•Every school has a summer and winter version on a uniform.
•Not all public schools require a uniform, only schools owned by the government and private schools do.
•Various schools are known for their particular uniforms.
[Tokyo wards], or
[district] followed by
[town] or
•Many students modify the uniforms by removing the ribbons, shortening the length of the skirts, and hiding badges/pins under the collar to show individualism.
Different winter and summer uniforms.
[wards] divided into
chou, ouaza, aza,
#4-6: Can be written in a string of three numbers, in choume-ban-go order.
Tōkyō-to Chūō-ku Yaesu 1-Chōme 5-ban 3-gō
Tōkyō Chūō Yūbin-kyoku
School Life
Using the precise and deductive format of Japanese addresses, people are able to find one another throughout the country.
In 2006, about 57 million people own cars in Japan.
Cars undergo an inspection called "shaken" every two to three years. They aren't free; in fact, they cost between 100,000 and 200,000 yen, and alongside that, there is a weight tax (8,000 to 50,000 yen) and mandatory insurance (about 30,000 yen).
Because apartments usually don't come with parking spaces, residents must purchase parking spaces which can cost up to 30,000 yen monthly.
Family Life
There are two different classes of cars that receive different taxes and regulations. Keisha cars (yellow license plates) are smaller, cheaper, and easier to own because they follow the strict size, weight and power restrictions, whereas regular cars with white license plates are the opposite.
Family Life
Family Structure
Traditionally, the roles of the parents differed depending on gender:
College student Takuya explains the process for entering college in Japan.
The divorce rate has been increasing slowly throughout the years. It is currently around 27%, meaning 1 out of every 4 marriages result in a divorce.
Although same-sex marriage isn't legal in Japan domestically, citizens are able to have same-sex marriages overseas where it is legal.
On average, there are about an estimated 2.84% single-parent households in Japan.
Student Suicide Rate
-Mothers would raise children, supervise their education, engage in housework, manage the household budget, and maintaining social relations.
To enter college in Japan:
-Fathers would provide the family's monthly income, many working late and spending little time with family.
•You must be 18 years of age.
•You must pass the college entrance exam.
•You must complete 12 years of school curriculum.
Family Life
Signs To Look Out For:
Post Office
Stop Signs ("tomare")
Police Box - a small police station
(Note the golden star - the police badge)

Coin Lockers - to store your possessions for the day; are emptied out daily
Taxi Stand
24-Hour Convenience Stores
Currency Exchange
•University entrance is based largely on the scores that students achieved in
Daily Life
Japanese Culture VS. American Culture
•Students take 2 exams, a test that is nationally administered and an exam from the college they hope to attend.
•Students who do not pass the test spend a whole year studying for the next exam, these students are called ronin.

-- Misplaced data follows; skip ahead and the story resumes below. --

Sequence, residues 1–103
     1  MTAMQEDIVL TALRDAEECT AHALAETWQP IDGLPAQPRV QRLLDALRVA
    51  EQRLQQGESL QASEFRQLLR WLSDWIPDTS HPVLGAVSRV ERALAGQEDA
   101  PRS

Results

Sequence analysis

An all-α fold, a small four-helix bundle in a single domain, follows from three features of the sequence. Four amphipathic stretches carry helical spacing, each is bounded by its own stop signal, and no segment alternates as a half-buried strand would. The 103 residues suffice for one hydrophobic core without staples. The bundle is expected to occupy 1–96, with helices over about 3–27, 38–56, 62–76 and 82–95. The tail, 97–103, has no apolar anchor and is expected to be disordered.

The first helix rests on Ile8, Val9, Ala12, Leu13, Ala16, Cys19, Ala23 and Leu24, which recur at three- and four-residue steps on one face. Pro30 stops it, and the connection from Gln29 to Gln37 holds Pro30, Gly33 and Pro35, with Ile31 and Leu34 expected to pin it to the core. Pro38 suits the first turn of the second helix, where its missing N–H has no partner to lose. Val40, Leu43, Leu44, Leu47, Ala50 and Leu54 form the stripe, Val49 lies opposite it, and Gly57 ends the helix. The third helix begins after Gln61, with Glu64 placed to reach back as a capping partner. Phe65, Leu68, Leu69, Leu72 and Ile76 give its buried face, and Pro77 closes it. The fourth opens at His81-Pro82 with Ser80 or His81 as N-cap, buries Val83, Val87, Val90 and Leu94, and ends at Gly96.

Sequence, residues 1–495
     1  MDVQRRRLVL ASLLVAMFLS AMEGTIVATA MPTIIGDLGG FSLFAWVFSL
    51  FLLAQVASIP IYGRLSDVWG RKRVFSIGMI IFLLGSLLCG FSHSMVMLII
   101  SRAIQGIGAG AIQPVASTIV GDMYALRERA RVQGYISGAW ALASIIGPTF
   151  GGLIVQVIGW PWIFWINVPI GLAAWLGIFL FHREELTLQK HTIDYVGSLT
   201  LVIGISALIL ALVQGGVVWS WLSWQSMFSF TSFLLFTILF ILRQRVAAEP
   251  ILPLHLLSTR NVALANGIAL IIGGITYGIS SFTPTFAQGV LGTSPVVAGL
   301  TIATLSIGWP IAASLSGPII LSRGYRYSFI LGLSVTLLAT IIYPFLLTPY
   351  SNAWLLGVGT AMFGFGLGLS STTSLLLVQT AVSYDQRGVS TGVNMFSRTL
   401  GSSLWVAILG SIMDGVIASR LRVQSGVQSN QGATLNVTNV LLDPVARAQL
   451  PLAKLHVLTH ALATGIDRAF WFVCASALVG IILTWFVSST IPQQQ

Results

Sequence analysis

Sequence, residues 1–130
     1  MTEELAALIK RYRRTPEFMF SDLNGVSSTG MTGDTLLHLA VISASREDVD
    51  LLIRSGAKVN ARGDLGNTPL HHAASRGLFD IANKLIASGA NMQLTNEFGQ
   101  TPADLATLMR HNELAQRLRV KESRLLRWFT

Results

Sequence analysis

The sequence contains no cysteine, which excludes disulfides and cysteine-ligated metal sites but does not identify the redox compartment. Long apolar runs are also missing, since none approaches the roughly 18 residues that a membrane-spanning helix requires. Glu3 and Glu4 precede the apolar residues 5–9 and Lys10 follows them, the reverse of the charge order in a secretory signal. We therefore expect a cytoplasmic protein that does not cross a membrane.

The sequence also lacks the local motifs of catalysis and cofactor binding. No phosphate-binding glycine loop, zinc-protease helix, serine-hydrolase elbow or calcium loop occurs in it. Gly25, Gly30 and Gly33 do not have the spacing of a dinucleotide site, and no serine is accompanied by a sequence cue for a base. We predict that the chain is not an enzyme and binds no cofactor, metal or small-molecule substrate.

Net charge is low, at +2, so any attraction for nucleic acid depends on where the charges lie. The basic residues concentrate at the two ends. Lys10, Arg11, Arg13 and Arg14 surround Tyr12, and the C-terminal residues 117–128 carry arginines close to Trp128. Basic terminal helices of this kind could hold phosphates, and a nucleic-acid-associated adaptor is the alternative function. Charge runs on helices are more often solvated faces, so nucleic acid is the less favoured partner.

Japanese Culture:
•Japan is ranked 2nd for the highest suicide rate in the Group of 8.
Japanese culture is heavily defined by the ideas of family and tradition. Roles are decided upon based on tradition.
Respecting each other is also critical, including manner of speech, tone, and body language. Even punctuality is important, such as the airing of TV shows and the arrival of trains and subways.
Japan has many environmentally-friendly mechanisms throughout the country, including very organized recycling, energy conservation and cleanliness of the streets and surroundings.
The most prestigious school in Japan
Japan's suicide rate in comparison with other countries.
American Culture:
Family isn't as big of an influence on American society - family members' roles are decided upon their abilities rather than a traditional definition.
Americans are more casual in their mannerisms, and are able to freely communicate with one another.
The Aokigahava Forest
•The Aokigahara forest is also known as the Sea of Trees.
Cleanliness is not something respected by everyone - litter is incredibly common in America. As well as that, energy conservation and environmental awareness aren't put into motion readily by many.
•It is 14 square miles of dense forest on the base of Mt. Fuji.
•The site's popularity has been attributed to the 1960 novel called "Tower of Waves" by Seicho Matsumoto.
•Because of the amount of suicides a year (242 in 2011), the area is cleared out annually.
Items like these are commonly found near bodies.
Daily Life
Crime in Japan
•Crime in Japan is almost non-existant, any if any crime is committed there is often confession.
•If you leave your phone or wallet in a taxi, it will not be stolen. You can call the taxi driver and he will drive your items right to you, no hassle.
•Almost every lost item WILL be returned, whether it is personally or by mail.
Why is the crime rate so low?
•Not wanting to bring shame into a particular group (family, school, and business) play a big role in the low crime rate.
I lost my phone, now what?
Japan has the lowest crime rate in all of the first world countries.
What should I know about living in Japan?
1) Although Japan is known for its amazing innovations, the technology in your work place can be extremely low tech.
2)There are no heaters in homes.
3) Individuality is often restricted.
4)As a foreigner you will always stick out.
5) Manners are incredibly important.
•Japanese couple tend to show their love and appreciation for each other in a way that does not include PDA.
•American's tend to throw the phrase 'I love you' around freely. Japanese couples will say only say 'I like you' until they feel it is truly okay to say 'I love you'.
*It has been noted that the Japanese lifestyle is much more desired due to its hardworking, clean, and respectful ideals, and well as its ability to always stay environmentally friendly.*